Who was with me until 8:30 : Schwartz.

What I thought about: exactly how much longer I could stay in bed. Also, where was the Bacon Provider?

What I wore until 11:00 a.m.: black Pikeur full-seat breeches, hot-pink ProCompression knee socks, custom Vogel field boots, black Tanner belt, pink Lululemon top with too-long sleeves and annoying thumb-holes, long sleeve olive Ralph Lauren polo shirt, ponytail.

Who was with me until 11:00 : barn people.

Where I sat: on Hado.

What I thought about: being asked to do a canter half-pass when I don’t know how and feeling like a 2nd grader sitting in on a high school calculus class. 

What I wore until 1:30 p.m.: James stretch jeans, Doc Martin pilgrim strap shoes that I’ve been stomping around in since the 90s, indigo-dyed Tanner belt, black tank, brown Eileen Fisher jersey top, black loose knit Steve Madden sweater, citrine earrings, mascara, just enough eyeshadow to make it look like I care about my appearance.

Who was with me until 1:30 : lunch date. 

Something I ate: soup and salad. My friend didn’t get dessert so I felt like I couldn’t. 

What I thought about/Things that were sad: going out to lunch and not getting dessert. Also, that my friend isn't as alarmed as I am that Wall Street seems to like the idea of the accused-rapist president-elect just fine. Also, my friend’s recent bike wreck.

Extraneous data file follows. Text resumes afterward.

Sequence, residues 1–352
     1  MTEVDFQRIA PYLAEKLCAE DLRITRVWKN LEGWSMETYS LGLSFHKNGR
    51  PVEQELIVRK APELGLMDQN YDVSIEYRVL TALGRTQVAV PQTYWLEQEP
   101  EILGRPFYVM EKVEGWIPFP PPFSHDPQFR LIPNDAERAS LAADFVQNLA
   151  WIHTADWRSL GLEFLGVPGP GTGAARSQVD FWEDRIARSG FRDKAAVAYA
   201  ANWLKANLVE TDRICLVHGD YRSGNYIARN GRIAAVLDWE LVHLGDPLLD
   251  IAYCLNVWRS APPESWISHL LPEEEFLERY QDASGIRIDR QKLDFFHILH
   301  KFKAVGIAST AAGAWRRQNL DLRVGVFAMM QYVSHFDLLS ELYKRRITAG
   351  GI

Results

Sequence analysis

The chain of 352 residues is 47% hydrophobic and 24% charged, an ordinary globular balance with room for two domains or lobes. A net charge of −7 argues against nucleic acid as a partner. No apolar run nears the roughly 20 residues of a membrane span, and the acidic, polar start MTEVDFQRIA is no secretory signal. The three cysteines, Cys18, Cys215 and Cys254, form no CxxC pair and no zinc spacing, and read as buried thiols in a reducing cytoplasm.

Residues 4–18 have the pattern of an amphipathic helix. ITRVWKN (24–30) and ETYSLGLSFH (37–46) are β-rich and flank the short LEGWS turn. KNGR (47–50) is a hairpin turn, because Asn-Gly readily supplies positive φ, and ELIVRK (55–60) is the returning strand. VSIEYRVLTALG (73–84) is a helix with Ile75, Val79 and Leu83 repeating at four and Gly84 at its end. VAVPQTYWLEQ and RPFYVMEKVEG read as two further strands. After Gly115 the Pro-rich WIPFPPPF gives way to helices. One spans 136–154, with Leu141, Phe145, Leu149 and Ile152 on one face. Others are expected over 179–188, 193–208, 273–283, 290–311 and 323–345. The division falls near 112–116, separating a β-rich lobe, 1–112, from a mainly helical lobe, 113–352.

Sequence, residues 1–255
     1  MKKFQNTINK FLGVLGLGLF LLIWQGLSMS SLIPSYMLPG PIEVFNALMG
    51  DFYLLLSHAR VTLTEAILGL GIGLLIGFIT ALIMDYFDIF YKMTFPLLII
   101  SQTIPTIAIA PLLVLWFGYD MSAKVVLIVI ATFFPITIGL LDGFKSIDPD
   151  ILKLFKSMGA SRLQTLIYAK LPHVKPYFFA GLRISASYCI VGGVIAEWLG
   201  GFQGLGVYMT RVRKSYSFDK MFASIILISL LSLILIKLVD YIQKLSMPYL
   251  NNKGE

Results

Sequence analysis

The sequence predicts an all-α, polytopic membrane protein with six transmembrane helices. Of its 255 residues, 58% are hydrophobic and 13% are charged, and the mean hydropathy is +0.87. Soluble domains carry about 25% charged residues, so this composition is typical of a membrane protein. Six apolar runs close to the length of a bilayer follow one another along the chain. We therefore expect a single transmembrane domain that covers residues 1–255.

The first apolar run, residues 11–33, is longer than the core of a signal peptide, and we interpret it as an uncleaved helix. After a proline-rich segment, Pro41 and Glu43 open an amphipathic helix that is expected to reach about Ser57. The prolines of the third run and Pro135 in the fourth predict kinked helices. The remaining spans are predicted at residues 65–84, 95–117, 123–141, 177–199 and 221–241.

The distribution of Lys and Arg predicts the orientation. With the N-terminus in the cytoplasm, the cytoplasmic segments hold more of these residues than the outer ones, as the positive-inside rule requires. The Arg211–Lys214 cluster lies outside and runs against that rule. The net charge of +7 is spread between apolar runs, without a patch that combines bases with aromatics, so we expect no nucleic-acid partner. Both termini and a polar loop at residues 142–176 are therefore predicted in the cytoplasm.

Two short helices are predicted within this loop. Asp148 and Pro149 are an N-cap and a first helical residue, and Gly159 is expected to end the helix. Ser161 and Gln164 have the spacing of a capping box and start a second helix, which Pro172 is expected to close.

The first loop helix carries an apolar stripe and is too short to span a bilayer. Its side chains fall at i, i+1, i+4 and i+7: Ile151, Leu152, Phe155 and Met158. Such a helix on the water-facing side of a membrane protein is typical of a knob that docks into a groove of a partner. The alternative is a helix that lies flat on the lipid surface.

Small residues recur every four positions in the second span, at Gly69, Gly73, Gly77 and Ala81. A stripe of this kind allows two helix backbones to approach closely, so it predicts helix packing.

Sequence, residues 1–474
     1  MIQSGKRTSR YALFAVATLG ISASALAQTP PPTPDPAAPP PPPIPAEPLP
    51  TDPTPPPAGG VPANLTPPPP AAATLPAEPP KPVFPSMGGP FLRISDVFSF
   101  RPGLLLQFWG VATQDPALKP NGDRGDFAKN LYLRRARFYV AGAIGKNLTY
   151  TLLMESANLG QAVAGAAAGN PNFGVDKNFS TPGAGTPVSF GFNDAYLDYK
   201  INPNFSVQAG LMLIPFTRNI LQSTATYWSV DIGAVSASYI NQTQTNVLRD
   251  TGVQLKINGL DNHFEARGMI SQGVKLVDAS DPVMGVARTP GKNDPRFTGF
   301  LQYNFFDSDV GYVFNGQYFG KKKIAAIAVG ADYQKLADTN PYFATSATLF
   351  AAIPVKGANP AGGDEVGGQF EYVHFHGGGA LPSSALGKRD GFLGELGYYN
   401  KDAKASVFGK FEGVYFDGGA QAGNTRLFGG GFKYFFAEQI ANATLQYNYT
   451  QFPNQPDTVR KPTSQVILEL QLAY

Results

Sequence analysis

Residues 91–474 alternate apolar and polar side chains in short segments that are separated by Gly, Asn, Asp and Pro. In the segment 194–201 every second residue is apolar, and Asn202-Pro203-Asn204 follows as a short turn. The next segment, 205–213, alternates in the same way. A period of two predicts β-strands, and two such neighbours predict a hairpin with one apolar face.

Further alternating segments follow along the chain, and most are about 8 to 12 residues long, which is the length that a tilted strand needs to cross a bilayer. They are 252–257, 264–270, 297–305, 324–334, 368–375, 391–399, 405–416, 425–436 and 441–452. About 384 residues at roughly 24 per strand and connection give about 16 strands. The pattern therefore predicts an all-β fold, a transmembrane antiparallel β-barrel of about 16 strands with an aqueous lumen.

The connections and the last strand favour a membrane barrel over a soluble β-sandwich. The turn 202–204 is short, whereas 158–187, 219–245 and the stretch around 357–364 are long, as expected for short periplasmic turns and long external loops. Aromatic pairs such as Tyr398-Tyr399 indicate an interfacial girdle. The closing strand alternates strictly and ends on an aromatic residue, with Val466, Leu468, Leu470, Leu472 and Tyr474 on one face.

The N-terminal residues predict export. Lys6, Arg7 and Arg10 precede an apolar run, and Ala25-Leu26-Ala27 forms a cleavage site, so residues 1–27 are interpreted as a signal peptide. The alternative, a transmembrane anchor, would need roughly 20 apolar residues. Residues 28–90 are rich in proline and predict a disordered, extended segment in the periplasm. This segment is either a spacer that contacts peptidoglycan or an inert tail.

What I wore until 3:30 p.m.: re-soled Asolo hiking boots with custom orthotics, black Helly Hansen full-zip rain pants, black tank top, blue Irideon zip-neck base layer top, red men’s Gore-Tex waterproof jacket that one of my kids brought home from a NOLS program, gray wool hat.

Who was with me until 3:30: the dogs.

What I thought about: ticks. Also, how my dad once told me that if you go in the woods when it's raining, the trees catch most of the rain. 

Things that were funny: the autumn trees have flung off their leaves and can catch the rain no better than I can.